Adam * Kaiserschmarrn (Austrian Pancakes)

Adam: “Kaiserschmarrn, or Austrian pancakes, is a traditional dessert in Austria.”

This classic Austrian treat is essentially a very thick crepe with a light, almost custardy texture and a taste reminiscent of sugar-dusted french toast. Torn into bite-sized pieces and served with a side of plum preserves or fresh fruit, the dish makes for a wonderful dessert and an even better breakfast. Pair it with a hot cup of coffee for the ultimate in sweet, cozy comfort food.

Three Quick Questions…and Adam’s Answers

It’s your last meal. What do you have?

Pasta salad.

Your kitchen is burning down. What’s the one thing you grab?

Fire extinguisher.

Do you have a favorite cookbook?

The Way to Cook by Julia Child — good advice for almost anything.

Adam * Kaiserschmarrn (Austrian Pancakes)
Recipe type: Breakfast, Dessert
Prep time: 
Cook time: 
Total time: 
Serves: 2
  • 5 eggs
  • 1 cup milk
  • ½ tsp vanilla extract
  • ½ tsp salt
  • 5 tbsp white sugar
  • ½ cup all-purpose flour
  • ¼ cup raisins
  • 2 tbsp butter
  • confectioners' sugar, for dusting
  • plum preserves or fresh fruit
  1. In a large mixing bowl, beat together the eggs, milk, vanilla, salt, and sugar. Gradually whisk in the flour until batter is blended and smooth. Stir in the raisins.
  2. In a large non-stick skillet, melt 2 tablespoons butter over medium heat. Once butter has melted, pour batter into the skillet and cook undisturbed for about 5 minutes, until the pancake is set and the bottom is golden brown. Flip pancake as best you can (things can get messy at this point - that's ok!), and then use a spatula to start breaking it up into bite-size pieces. Cook for a few minutes more, until both sides of pancake pieces are golden brown. Dust with confectioners’ sugar and serve with a side of plum preserves or fresh fruit.


  • What an uncommon recipe! I am intrigued, and will try it out!

    • Kathryn

      Jen, I was really excited to make this one and it totally delivers. So easy and so delicious!

  • I love that you always have things I’ve never heard of that look absolutely delicious! This really does look comforting! 🙂

    • Kathryn

      Aw, thank you Erin! I am lucky to have had so many interesting submissions from people. I highly recommend this one!

  • Janet

    Actually ate this in Vienna, with plum preserves and loads of whipped cream. Yummy!

    • Kathryn

      That sounds delicious! Note to self: next time, use whipped cream! 🙂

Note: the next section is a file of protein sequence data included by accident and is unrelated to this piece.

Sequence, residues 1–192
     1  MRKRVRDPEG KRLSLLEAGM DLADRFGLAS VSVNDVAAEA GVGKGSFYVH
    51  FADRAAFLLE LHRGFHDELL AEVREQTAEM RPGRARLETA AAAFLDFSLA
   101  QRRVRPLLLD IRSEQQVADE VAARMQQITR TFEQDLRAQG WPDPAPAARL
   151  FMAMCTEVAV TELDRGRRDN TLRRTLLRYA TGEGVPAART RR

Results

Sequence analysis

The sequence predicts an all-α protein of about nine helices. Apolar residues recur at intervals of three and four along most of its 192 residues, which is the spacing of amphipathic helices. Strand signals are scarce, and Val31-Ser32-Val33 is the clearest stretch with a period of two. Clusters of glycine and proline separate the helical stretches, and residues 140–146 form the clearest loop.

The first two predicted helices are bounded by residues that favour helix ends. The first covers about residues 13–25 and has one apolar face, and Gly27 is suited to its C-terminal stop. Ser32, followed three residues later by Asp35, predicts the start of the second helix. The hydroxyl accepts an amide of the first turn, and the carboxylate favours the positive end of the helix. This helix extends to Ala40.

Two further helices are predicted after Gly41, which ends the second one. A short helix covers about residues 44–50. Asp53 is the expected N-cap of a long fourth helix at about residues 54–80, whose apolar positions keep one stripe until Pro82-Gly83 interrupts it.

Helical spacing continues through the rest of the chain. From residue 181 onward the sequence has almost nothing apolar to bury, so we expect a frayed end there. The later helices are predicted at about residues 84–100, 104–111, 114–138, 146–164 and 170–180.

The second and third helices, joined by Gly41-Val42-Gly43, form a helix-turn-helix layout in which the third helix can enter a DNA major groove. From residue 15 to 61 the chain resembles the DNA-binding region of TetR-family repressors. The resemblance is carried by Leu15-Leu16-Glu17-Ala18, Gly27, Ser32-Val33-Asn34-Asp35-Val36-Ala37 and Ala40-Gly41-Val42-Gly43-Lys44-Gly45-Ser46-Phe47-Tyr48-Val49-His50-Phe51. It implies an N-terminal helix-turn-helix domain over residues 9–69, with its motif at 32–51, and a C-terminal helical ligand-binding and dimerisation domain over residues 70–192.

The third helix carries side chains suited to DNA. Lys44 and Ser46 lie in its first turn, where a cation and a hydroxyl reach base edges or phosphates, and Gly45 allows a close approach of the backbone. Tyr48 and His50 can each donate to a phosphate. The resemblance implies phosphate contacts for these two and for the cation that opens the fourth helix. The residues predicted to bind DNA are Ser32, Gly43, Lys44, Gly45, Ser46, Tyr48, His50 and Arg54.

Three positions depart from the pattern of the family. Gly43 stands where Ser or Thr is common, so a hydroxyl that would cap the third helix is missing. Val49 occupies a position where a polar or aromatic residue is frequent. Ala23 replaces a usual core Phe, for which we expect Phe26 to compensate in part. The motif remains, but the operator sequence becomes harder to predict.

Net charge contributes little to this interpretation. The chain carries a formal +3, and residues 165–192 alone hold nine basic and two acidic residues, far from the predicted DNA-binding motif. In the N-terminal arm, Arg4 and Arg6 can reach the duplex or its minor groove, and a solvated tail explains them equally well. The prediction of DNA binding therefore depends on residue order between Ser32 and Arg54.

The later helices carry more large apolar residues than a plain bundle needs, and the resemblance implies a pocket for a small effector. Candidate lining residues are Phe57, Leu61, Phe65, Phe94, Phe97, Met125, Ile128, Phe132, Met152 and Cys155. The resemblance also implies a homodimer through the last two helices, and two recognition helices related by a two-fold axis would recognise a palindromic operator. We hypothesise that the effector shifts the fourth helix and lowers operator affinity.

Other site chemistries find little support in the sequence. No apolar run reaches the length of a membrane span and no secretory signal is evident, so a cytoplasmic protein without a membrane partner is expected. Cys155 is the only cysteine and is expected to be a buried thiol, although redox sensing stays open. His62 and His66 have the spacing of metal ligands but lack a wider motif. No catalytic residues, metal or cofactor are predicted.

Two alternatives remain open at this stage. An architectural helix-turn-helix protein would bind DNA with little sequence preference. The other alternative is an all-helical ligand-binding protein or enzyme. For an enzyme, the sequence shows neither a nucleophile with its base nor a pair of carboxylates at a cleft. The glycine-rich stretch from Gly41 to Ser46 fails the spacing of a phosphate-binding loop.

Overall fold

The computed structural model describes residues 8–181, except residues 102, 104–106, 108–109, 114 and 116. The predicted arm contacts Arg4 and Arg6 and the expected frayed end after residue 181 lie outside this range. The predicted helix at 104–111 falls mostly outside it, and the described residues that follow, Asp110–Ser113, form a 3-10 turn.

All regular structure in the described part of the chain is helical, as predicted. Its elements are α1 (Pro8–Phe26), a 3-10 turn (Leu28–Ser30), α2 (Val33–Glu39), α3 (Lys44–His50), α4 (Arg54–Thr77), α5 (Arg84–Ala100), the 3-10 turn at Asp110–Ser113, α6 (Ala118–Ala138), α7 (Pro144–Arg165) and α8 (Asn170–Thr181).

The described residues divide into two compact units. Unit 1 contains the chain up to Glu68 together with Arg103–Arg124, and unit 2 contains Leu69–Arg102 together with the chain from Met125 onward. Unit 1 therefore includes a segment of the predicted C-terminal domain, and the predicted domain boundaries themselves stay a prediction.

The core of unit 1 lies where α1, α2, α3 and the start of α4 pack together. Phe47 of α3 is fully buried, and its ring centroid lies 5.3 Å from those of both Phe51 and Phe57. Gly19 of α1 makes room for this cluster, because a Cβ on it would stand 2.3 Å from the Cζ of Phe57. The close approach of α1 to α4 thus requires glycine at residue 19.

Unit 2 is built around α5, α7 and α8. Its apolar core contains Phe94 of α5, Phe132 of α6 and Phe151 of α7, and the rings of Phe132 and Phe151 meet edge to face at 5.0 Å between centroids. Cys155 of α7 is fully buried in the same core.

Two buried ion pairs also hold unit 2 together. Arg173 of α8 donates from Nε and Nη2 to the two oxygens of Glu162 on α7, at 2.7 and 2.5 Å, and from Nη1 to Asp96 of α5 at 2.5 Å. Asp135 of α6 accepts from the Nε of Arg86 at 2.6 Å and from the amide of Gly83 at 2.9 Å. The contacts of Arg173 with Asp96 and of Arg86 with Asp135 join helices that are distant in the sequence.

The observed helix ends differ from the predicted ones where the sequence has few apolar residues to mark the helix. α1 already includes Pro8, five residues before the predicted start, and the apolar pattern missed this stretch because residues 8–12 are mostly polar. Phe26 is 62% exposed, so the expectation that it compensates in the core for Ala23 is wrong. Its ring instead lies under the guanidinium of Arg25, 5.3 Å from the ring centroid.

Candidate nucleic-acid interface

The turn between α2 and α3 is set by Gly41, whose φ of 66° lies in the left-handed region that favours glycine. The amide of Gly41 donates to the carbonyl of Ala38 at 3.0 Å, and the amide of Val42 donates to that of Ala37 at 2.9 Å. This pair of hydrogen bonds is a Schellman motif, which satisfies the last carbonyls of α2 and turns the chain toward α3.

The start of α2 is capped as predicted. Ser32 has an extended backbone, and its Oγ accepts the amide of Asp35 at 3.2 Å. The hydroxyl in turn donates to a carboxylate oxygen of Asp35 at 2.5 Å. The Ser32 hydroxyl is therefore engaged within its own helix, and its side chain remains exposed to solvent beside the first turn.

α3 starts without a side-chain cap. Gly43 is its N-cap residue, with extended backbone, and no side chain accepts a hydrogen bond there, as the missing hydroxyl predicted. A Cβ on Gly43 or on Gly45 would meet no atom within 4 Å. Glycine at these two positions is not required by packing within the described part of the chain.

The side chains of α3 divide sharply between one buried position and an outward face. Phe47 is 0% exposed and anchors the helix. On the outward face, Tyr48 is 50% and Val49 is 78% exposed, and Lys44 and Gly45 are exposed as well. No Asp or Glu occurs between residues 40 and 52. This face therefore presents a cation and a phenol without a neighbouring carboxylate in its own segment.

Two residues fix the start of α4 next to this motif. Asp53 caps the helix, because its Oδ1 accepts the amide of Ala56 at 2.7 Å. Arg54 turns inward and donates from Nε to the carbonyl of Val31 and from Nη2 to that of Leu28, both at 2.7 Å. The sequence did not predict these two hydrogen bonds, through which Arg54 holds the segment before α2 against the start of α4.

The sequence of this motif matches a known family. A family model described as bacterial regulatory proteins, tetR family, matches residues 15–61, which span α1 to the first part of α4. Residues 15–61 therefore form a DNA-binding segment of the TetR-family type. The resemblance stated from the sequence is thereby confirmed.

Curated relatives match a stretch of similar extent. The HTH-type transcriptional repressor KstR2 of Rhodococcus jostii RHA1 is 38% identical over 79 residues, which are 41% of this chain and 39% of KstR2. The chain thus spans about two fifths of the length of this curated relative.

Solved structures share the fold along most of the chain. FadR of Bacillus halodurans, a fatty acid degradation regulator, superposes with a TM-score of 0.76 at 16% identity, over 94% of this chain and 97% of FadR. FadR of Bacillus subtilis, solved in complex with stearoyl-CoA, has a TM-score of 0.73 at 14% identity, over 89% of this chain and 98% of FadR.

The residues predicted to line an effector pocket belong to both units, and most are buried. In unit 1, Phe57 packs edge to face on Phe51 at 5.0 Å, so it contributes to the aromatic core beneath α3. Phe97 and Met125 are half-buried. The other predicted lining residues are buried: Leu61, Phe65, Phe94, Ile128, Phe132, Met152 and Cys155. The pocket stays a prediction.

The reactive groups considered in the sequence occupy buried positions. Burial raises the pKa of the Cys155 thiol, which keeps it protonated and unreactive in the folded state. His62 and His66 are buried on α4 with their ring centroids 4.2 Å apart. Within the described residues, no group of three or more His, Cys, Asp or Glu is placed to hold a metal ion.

• Susan

    I made this for breakfast this morning and it was incredibly easy and delicious. I could imagine this would be a great breakfast for kids too on a school day because of the high protein content (5 eggs/milk).

    • Kathryn

      Susan, I’m so so glad you liked the kaiserschmarrn! That is such a great point about the high protein content. I’m always a sucker for pancakes but I love that these can hold me over until lunchtime!

  • OMG! My grandmother made these for us when we we little…she always served them with peaches. Thank you for this post. As is sometimes the case, the recipe is in Grandma’s head and never gets passed down. Thanks again, I can’t wait to make these.

    • Kathryn

      Greg, thanks so much for stopping by, and I’m so happy you stumbled on this post! I only learned about these pancakes when Adam submitted them a few months ago, but I’ve been obsessed with them ever since. I’m constantly telling people how badly they need to try them! Haha 🙂 Enjoy!!

  • I made it and it was delicious. I’ve served it with raspberries and grapes. Thank you so much for a great recipe!

  • People, really….make these. Now that it’s fall I made this for dinner…( what can I say, I felt like a pancake). I caramelized some apples with maple syrup and butter to serve along with, as well as some Bacon Sausage from a local shop. OMG…the BEST!!! It would be a great menu for Christmas breakfast with a bowl of Clementines and coffee …Sparkling wine wouldn’t hurt either.

    • Kathryn

      Greg! I’m so glad you ended up trying them. That sounds like my kind of dinner!

  • Mirijam

    EVERY kaiserschmarrn recipe I EVER heard of (I’ve been often in austria and live in bavaria – seriously, I KNOW what kaiserschmarrn is) you have to separate egg yolks and egg whites. you beat the egg whites really good until they are stiff. then make a dough with the egg yolks and all the other ingredients.. AT THE VERY END you mix the egg whites VERY carefully with the dough. only that way you get the fluffy texture. I have issues with the american measurement units but it seems like a lot of sugar.
    also: it’s really nice when you let the raisins soak up some rum 🙂

    • Ben

      Let me say this…this recipe is the closest thing I’ve ever had to authentic Viennese Kaiserschmarrn. Really. And I’ve eaten it dozens of times in Vienna/Bavaria.

      That being said, you’re right Mirijam…these have a lot of sugar. I think you could cut back 1 or 2 tablespoons and still have just as good of a recipe.

      Interesting about the egg yolk/white. I’ll have to try that. Although, this recipe came out same consistency as what I’ve had abroad, too. So I’m not sure I’d change it in that regard.

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  • daisy

    This sounds great! I have had this before while i was in austria on a ski trip!
    i really want to try it but i currently only have salted butter! can i use salted butter?


  • Hannah Johnson

    I have to make these for a class report will it last through the day?

    • Kathryn

      Hi Hannah! They taste best hot off the stove–so they will last, but probably won’t be as good.

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  • Maria

    Is that a misprint 1/2 cup of flour? It’s definitely not enough for batter.